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Learning Center Experience
By Patricia Grace
has shown that approximately 15 percent of the population
at school or in the workplace is openly involved with bullying. It is the youth
of today who will be the source of success to put a stop to the behavior.
Through understanding of the behavior and the judgment from past generations,
our youth will be the change agent for a better future.
needs to be aware of the different signs and types of bullying. Bullying in
today’s society is not what past generations considered a rite of passage
during different developmental stages of life.
bottom line is that a person who bullies another has a sense of entitlement or
the right to hurt or control another person. It is not about anger but control
and power. There is satisfaction for the individual when causing pain to
another human being. Peers tend to reward this behavior in material or
not only needs to be aware of what bullying is, but also aware of the signs and
behaviors of those who are the victim of this behavior. It is easy to be aware
of the behavior of the bully but the behavior of the victim is more subtle.
for those who are a victim of being bullied:
community should address the issues of bullying behavior as it is not an
individual social problem but a community and nationwide problem. In addition,
individuals need to be aware of the behaviors of the bully and the victims by
taking an active role in addressing the behavior when they see it happen.
Communities and society as a whole need to see this social problem as a
community health and wellness issue. It involves everyone.
behavior, not only in schools but also in the workplace, is an expenditure to
everyone. Adult bullying can lead to less productive work performances, along
with illness due to the stress of the situation. For youth, school performance
could be negatively affected or the child may drop out of school. Awareness and
action are the only way to ensure that bulling behaviors are no longer a cost
to our society.
is an imbalance of power. The bully looks to the weak, depressed, disabled, the
one who does not wear the right clothes, or the one who does well in school.
They intentionally intimidate or harm, physically or psychologically, to gain
the perceived power that they do not have inside themselves. The bully can be a
child, a work supervisor, or even the CEO of a company. As a way to feel better
about themselves, bullies may attack others intentionally to cope with their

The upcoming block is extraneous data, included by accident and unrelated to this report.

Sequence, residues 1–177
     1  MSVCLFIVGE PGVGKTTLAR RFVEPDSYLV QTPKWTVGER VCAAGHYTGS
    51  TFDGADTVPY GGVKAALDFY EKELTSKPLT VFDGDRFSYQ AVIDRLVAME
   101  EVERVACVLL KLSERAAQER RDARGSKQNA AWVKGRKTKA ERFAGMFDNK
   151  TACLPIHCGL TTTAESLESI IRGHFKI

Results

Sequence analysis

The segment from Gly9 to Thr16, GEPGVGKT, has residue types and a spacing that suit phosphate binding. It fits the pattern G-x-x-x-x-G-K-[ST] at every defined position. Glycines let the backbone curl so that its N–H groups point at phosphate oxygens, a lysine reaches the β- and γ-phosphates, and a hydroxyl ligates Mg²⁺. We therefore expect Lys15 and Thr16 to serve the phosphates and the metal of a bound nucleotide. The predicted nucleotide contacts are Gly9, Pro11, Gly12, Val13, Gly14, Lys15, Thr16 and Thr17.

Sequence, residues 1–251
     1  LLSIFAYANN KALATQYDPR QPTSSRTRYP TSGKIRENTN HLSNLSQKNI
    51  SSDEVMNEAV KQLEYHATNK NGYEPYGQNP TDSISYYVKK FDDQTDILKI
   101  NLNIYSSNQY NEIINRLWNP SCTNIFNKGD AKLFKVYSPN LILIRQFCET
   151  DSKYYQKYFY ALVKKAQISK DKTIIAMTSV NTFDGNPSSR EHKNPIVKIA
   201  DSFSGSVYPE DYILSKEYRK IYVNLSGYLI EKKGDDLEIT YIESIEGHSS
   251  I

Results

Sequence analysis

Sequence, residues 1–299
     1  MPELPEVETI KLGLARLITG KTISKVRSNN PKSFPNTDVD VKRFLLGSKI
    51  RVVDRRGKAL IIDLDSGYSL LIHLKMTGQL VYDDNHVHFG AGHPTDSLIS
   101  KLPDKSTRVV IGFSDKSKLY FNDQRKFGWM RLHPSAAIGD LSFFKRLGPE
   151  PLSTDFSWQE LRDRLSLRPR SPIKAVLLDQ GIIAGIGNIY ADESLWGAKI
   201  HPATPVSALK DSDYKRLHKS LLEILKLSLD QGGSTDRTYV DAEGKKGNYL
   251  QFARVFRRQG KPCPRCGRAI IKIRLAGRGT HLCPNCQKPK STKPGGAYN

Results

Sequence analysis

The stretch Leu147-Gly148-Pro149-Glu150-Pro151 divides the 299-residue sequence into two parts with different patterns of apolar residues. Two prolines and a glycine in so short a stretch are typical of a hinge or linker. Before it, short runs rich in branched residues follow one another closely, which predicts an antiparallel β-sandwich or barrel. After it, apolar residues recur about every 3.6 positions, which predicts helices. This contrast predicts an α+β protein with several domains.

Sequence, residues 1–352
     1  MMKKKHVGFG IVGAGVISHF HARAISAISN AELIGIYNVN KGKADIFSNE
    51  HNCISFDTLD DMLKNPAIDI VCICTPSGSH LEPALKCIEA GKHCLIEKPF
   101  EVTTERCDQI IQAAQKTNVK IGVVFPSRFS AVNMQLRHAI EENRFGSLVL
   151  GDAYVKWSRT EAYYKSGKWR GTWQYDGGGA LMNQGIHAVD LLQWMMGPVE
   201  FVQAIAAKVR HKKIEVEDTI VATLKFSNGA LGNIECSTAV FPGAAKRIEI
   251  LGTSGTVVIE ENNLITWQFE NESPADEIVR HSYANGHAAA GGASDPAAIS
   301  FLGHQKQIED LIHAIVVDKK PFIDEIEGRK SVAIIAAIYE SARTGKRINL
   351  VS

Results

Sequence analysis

own insecurities and need for power.
research study conducted by Bennett Tepper, PhD, Georgia State University
(2011), showed how the culture of a company that accepts workplace bullying has
a negative trickle-down effect, leading to poor treatment of employees. In
other words: bullying breads bullying. The cycle does not stop but becomes the norm.
To support Tepper’s work, Theresa Glomb, PhD, University of Minnesota (2011),
also found that when this is the norm, other work group members are likely to
act aggressive and bully others.
many years the belief of society was the old saying of “kids will be kids.”
This stereotype may still be prevalent, yet with incidents of children or
adults affected by a growing culture of bullying, this problem has come to the
forefront of society. It is the hope that through national conference and
continued research in the area of bullying, society will understand what
fosters this behavior and work to minimize the effects it has on children,
youth, and adults.
Patricia Grace is a full-time faculty member for the College of Social and Behavioral Sciences' Department of Human Services. She holds a
master’s degree in clinical psychology with an emphasis in outpatient mental
health and is licensed in the state of Wisconsin as an Independent Clinical
Social Worker and an Independent Clinical Marriage and Family Therapist.
with providing therapy services, Ms. Grace has been the administrator for two
mental health clinics. She had her own private practice working with the
chronically mentally ill population and children who suffered from autism,
ADHD, ODD, and pervasive developmental delays. Her work also included intensive
services for trauma victims, family therapy, and couples therapy. Ms. Grace is
also licensed to conduct psychological evaluations and is an expert witness for
court cases in the areas of child custody and forensics. Highly involved in her
community, Ms. Grace now provides pro-bono therapy through many churches in her
in private practice, Ms. Grace taught both onsite and online classes and
facilitated new student orientations. She loves working with all students and
enjoys all she can offer to them.
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